Is this the beginning of the end for the Euro?

The recent events unfolding across Europe and in particular the southern European states of Greece, Italy, Portugal and Spain have the makings of a cataclysmic financial event. Potentially greater in importance and impact as the subprime meltdown in the US that led to the “Global Financial Crisis” and from which the rest of the world is just starting to recover.

The Greek tragedy as discussed by many commentators such as Dr Hussain Rammal (see link below), pointed to the necessity of the European Union to support the Greek economy and bail it out. The EU and IMF have indeed proposed a bailout plan and Greece has had to accept it. Why is this such an important an event?

Normally when an independent country such as Greece goes into a financial crisis, it would be able to use monetary control levers such as devaluing its currency, thus giving impetus to its exports and encouraging foreign direct investment due to the cheap cost of labour, cost of manufacture etc. As Greece is in the Eurozone, and holds the euro as its monetary unit it is reliant upon the European Central Bank (ECB) to manage the currency. And the ECB is not going to devalue its currency when it has to manage the larger economies of Germany and France which are much stronger. This leaves Greece in an awkward position of trying to manage its financial recovery with one hand tied behind its back. This is exactly why the EU has had to step in and offer structural and financial assistance.

Obviously, the money for this bailout has to come from somewhere and Germany and France as the largest economies in the Eurozone are the ones who ultimately are footing the bill for the Greek Bailout. A look at the German Newspapers and online media will show that this is clearly unpopular, and may become politically unpalatable for the German government. This is no real surprise.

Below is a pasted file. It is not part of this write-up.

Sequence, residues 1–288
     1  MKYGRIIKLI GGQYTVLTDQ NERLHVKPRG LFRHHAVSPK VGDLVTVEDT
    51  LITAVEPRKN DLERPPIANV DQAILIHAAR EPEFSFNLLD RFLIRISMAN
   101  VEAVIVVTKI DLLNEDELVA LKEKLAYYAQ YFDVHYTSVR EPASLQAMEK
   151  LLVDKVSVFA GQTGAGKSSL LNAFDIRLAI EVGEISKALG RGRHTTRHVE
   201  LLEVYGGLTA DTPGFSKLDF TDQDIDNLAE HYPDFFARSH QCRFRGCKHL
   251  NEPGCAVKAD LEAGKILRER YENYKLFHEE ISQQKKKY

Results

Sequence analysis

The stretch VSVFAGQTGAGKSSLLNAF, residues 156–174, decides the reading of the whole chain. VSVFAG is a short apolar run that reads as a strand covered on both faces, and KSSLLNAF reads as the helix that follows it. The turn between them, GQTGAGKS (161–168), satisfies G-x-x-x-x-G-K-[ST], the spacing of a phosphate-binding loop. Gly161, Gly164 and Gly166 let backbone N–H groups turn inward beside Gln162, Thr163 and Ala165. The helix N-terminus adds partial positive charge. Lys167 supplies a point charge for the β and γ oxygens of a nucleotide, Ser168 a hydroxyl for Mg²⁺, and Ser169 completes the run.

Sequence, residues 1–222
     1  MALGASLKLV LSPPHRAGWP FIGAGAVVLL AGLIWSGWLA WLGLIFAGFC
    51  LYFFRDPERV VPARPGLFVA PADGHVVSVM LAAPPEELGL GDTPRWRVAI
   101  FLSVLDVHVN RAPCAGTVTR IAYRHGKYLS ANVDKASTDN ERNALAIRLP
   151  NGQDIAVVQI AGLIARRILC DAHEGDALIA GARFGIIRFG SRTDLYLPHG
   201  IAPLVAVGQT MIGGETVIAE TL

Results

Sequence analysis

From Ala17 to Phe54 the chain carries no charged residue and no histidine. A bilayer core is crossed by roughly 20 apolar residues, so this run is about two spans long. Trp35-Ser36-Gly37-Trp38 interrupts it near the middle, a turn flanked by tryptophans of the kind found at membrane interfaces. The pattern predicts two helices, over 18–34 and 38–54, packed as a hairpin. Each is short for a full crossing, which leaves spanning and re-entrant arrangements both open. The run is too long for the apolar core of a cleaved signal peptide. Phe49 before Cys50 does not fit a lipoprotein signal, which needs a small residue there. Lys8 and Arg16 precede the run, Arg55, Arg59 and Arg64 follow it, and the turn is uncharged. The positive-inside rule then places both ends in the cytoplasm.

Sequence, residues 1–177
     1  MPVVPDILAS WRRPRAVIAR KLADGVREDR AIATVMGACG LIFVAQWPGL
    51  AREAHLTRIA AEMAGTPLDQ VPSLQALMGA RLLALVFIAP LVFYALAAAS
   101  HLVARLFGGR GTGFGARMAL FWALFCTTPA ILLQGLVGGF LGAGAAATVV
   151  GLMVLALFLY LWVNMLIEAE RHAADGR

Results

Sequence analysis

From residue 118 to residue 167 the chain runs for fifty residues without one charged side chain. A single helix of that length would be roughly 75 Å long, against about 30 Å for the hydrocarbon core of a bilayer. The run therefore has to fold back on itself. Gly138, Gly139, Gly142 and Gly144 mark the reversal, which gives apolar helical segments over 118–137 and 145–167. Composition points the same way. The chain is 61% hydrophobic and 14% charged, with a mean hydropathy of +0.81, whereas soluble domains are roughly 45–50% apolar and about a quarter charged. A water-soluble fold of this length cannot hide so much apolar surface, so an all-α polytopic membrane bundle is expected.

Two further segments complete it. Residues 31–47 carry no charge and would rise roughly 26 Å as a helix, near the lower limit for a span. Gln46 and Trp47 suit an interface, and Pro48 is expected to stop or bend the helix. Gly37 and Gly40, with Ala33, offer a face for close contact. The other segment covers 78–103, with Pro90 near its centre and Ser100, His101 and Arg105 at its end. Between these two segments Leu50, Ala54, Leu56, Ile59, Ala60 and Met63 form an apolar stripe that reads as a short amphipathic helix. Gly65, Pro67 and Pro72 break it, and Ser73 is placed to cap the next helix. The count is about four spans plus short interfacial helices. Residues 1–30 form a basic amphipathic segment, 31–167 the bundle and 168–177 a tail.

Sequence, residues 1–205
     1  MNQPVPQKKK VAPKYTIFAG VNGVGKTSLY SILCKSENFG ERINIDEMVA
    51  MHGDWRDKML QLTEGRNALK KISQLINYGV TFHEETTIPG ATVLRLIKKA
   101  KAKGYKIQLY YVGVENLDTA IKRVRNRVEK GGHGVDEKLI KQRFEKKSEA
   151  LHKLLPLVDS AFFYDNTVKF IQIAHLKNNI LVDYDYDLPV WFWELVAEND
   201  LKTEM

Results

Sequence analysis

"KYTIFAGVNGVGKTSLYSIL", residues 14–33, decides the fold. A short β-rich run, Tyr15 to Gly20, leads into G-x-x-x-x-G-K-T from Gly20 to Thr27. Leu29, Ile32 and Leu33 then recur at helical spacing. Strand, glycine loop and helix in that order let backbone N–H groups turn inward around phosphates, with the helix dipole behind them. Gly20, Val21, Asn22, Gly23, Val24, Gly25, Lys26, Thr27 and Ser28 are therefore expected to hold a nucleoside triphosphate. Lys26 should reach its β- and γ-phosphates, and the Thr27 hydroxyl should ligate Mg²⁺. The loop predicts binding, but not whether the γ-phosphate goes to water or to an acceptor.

The biggest problem as I see it for the Eurozone is not just this bailout for Greece. It is more so the potential domino effect and precedent that it has set for equally struggling Eurozone economies in Portugal, Spain and Italy. Portugal has just today had its credit rating downgraded two places, ensuring its borrowing costs will be much greater, and there are concerns in the financial markets that Spain and Italy are in equally precarious positions. These three other southern European economies are all larger than the Greek economy and their debt is larger. Who is going to finance their bailout? Portugal is almost certainly going to need help, and Spain and Italy are just holding on. The cost to the EU will be substantial if they need to bailout these other economies. It could potentially bring about another global financial crash greater than that seen in 2008/2009., watch the financial markets in the coming weeks to see if a financial virus has been set loose, as it did after Subprime meltdown in 2008.

What alternatives are available to the EU?

Very few realistic alternatives are available. However, I would be prepared to predict that, the EU will have to offer a similar bailout package to Portugal in the coming months. In addition to this I expect to see a winding back of membership to the Eurozone, with Greece and Portugal the first to leave. A single monetary unit was a success in the boom days, but its weakness is too evident in a major downturn that we have seen in recent years. The Euro is not dead yet, but it is in hospital and on life support. When the money runs out, expect to see the Eurozone reduce to the central European economies of France, Germany, Austria and Italy. The rest will be left to rue the days they joined the Eurozone club, and return to independent currencies.

See Dr Hussain Rammal’s Article here: “Averting a Greek Tragedy”

%d bloggers like this: